En caravane, allons à la cabane! (II)

Mrs.Waffle has made it a yearly tradition – a Sugar Shack trip, with friends and family. And this year would be a special trip, as it would be the Waffle Jr.’s first trip to la Cabane.

Mel got really excited when she heard that la Sucrerie du Terroir was opening for the season, despite it still being winter. She plotted with Miriam an early yearly trip to her favorite Sugar Shack in the Outaouais region. We’d been there two years in a row already, and there was no avoiding a tree-peat. Especially since la Sucrerie now has an Online Reservations Tool, making it even easier to book your spot.

Mel really, really didn’t want to miss it. So she booked the first spot available on the first day la Sucrerie was open. And so there was 8 of us who made the journey to Val-des-Monts for an early sweet breakfast – despite my half-hearted protests about the selected time of day, the cold temperature and mostly about getting served last year’s Maple Syrup’s production – no way you could get 2o11 vintage at this time of the year. ”I like my syrup aged”, Miriam deadpanned. I simply couldn’t win this argument.

So we made the journey to the 190 acre property in Val-des-Monts. The “Sucrerie du terroir” is a trip to the old traditions. And this year, the owners have made some changes, moving the actual sugar house where the sap is boiled up the hill by the shack. They also included a traditional, outdoor boiler system, showing how it was first down, with cauldron over a fire. They certainly did improve on the rustic, old time decor.

As we settled at our table, we couldn’t help but noticed that we were alone. We were the first and only customers of 2011! The official opening was set for the evening, with musicians and everything – a big party. So I guess we were their soft opening.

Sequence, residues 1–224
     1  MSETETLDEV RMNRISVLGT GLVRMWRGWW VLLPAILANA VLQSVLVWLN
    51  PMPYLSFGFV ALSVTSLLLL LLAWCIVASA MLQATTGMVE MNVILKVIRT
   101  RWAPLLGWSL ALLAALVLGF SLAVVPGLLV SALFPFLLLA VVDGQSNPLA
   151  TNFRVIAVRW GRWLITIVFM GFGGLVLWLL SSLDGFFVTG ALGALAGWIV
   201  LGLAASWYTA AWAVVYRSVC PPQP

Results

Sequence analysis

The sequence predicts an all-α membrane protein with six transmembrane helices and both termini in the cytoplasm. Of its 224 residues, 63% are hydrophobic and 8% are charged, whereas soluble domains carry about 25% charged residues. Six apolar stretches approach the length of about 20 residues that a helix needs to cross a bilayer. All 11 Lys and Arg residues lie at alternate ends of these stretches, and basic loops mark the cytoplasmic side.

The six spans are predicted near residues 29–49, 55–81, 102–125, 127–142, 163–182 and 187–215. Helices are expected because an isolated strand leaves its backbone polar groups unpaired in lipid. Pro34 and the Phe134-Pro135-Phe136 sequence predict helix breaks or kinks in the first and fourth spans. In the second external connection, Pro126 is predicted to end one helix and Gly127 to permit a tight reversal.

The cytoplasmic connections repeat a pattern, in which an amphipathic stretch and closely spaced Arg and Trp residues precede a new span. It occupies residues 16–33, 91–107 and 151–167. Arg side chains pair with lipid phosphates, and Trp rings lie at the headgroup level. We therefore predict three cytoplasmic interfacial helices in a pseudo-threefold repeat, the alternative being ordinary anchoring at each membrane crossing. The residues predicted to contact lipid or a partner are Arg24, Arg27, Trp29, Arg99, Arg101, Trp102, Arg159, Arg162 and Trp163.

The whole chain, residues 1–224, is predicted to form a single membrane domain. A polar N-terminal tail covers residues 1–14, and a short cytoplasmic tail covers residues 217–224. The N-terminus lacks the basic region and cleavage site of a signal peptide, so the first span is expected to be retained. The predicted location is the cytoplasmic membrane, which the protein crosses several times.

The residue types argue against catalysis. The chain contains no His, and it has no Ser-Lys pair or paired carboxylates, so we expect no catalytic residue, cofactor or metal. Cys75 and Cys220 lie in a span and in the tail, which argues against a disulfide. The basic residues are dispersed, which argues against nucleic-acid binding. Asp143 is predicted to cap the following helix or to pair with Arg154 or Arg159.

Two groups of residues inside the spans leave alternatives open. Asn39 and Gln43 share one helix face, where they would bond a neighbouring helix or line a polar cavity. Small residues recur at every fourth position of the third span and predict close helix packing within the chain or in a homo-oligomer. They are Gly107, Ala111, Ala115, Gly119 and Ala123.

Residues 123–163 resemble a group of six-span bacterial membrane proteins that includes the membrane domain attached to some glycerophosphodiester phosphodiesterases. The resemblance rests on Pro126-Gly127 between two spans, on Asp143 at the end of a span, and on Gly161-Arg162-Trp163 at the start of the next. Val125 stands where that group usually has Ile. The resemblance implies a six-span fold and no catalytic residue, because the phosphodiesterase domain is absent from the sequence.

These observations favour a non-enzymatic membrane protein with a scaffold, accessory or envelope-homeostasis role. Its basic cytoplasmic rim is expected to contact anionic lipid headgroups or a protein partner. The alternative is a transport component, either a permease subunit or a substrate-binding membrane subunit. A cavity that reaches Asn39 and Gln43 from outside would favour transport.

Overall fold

Moving buildings is not the only change la Sucrerie has made this year. Their menu has changed too. Oh, nothing too drastic, but still, worth pointing out.

The big change is their sausages. Gone are the industrial-made, pork and beef in a tube. Not that they were bad, but they’ve decided to go rustic and introduced their very own Country style sausages, or, as they call them in french, their Pitounes aux fines herbes (Pitounes meaning logs).

Kudos to la Sucrerie du terroir. These skinless sausage were dense, meaty, with a very earthy flavour. The fat content was minimal, leaving all the room for the meat to express itself. They were quite tender, and if they weren’t very juicy, they were not dry either. It is always a challenge to jump from commercial-made to house-made products – there are costs and time involved that sometimes make people go the easy way. But it was worth it – these Herby Logs are a nice improvement on their previous sausages, and they are served on a mini-horse sleigh, just to remind us of where we are.

And, of course, it was all you can eat.

Now, according to the owner, this was the only culinary adjustment they made this year. However, and perhaps because we were the only ones there, we got the best meal I’ve had of my three visits. Being able to take their time in the kitchen, not having to rush out food to 100+ guests, it certainly paid off. (For us, that is!)

For instance, the Omelette was an even better master piece than usual. They just outdid themselves.

Oven baked in a cast iron pan, served hot and steamy, it was oh, so fluffy, so puffy. Like eating an eggy cloud.

And, of course, it was all you can eat – although we ate only one.

The ham was also more interesting this year. No, they haven’t moved to an all-natural, slowly smoked ham – it is still a pre-cooked maply version.

However, the slices were thicker, it was a better quality and the ham was baked with lots and lots of cloves, an ingredient that was not discernible in years past. But this time, it was there in force. No fooling around, we got cloves, lots of it!

There was no avoiding it. They were not used sparingly. And with a healthy helping of sweet and dark maple syrup, it made for a pretty good spicy piece of ham. You had to have the syrup though – the taste of cloves without the sweetie goodness would have been like a punch in the mouth. All you can eat, of course.

In fact, as per usual, everything is all you can eat. Fruit salad, french toasts, pancakes, omelette, roasted potatoes, sausages, bacon rinds (oreilles de “crisse”!), maple ham, baked beans and of course their famous maple mousse small tarts (a new crust this year, home made) all of that for a mere 26$. Alright, it’s not that cheap. But it is a unique and fun experience. And it is cheaper for kids. And it is all you can eat!

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